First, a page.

US 7376860 B2
A method is provided in which checkpointing operations are carried out in data processing systems running multiple processes which employ shared memory in a manner which preserves data coherence and integrity but which places no timing restrictions or constraints which require coordination of checkpointing operations. Data structures within local process memory and within shared memory provide the checkpoint operation with application level information concerning shared memory resources specific to at least two processes being checkpointed. Methods are provided for establishing, restoring and releasing shared memory regions that are accessed by multiple cooperating processes.
1. A method for supporting system level checkpoint operations in a data processing system by providing data structures within local process memory and within shared memory which provide application level handlers invoked by system level checkpoint operations with application level information concerning shared memory resources specific to at least two processes being checkpointed.
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14. A method for establishing a shared memory region having checkpoint capabilities, said method comprising the steps of:
creating a shared memory region for at least two processes;
initializing control data structures within said shared memory region, including initializing a checkpoint register count to indicate that said processes are capable of accessing shared memory; and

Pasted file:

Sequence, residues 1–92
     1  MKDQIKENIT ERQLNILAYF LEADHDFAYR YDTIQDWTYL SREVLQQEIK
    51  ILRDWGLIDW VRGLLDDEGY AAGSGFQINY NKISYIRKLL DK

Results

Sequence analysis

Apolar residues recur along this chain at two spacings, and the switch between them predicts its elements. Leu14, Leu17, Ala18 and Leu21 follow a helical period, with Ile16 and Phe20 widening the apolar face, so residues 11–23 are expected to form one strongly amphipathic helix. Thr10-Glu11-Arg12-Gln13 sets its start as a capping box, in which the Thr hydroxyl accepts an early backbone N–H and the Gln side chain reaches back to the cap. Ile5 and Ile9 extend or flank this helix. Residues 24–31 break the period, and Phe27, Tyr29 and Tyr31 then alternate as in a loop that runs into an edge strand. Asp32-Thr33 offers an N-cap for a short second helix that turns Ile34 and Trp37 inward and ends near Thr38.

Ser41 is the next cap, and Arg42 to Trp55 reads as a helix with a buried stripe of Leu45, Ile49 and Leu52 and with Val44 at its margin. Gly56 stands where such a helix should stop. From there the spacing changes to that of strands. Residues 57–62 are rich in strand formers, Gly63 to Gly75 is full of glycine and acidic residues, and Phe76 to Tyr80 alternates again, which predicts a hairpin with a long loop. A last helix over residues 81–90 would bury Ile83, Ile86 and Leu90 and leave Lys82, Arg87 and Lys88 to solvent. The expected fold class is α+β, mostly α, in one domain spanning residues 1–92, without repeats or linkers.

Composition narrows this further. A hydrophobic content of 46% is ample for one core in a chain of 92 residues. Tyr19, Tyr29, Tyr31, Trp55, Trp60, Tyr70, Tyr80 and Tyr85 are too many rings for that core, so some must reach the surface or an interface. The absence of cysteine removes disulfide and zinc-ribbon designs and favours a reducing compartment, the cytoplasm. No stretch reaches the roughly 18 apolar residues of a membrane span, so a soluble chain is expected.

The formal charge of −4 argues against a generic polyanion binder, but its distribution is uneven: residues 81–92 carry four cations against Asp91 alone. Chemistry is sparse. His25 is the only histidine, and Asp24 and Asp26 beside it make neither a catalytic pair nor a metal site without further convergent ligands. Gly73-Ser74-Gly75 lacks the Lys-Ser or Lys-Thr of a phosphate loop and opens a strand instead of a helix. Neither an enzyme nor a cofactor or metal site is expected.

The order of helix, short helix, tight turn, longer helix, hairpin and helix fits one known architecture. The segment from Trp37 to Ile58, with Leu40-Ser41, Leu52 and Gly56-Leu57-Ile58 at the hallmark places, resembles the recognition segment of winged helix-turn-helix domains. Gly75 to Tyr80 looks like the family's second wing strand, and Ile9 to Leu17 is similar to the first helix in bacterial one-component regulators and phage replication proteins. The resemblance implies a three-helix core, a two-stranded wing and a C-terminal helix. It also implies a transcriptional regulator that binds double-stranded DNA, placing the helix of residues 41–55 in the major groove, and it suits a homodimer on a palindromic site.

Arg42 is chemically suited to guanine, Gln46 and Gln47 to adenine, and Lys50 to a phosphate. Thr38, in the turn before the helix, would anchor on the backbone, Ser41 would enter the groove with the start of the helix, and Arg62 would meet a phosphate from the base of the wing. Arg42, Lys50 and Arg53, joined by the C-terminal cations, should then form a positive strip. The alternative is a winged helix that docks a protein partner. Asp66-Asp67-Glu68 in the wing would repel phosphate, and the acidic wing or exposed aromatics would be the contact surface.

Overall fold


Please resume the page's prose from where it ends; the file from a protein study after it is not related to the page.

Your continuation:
registering at least one checkpoint handler and at least one restart handler.
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The present invention is generally directed to checkpoint and restart of cooperating processes employed in multinode data processing systems. More particularly the present invention is directed to such systems in which shared memory is present, between or among several processes, but which is not persistent and is saved as needed during checkpoint operations in nonvolatile storage systems, such as disk memory. Even more particularly, the present invention is directed to methods for the establishment, restoration and release of shared memory regions that are accessed by multiple cooperating processes.
In checkpoint operations, all processes (or threads) are stopped and held in a stable state so that the operational states are captured in a set of files which may be later read and used to restore the same stable state as part of a application restart operation. The state information includes the contents of process stack, heap, registers and other resources “owned by” the process. Once a checkpoint or restart operation is completed, control is returned to all threads or processes which then resume execution beginning at their next instruction, whatever that may be. It is assumed that threads and processes find all of the memory and other resources looking just as they were at the time they were checkpointed. Resumption of execution is a minor issue as long as the checkpoint operation itself has not needed to undo some parts of the application state. However, the restarting of operations is more complex and is particularly considered with respect to the invention disclosed herein. Accordingly, in the discussions herein, references to taking a “checkpoint” implies that a checkpoint operation has been carried out and has generated information with the needed coherence for later use in a restart operation.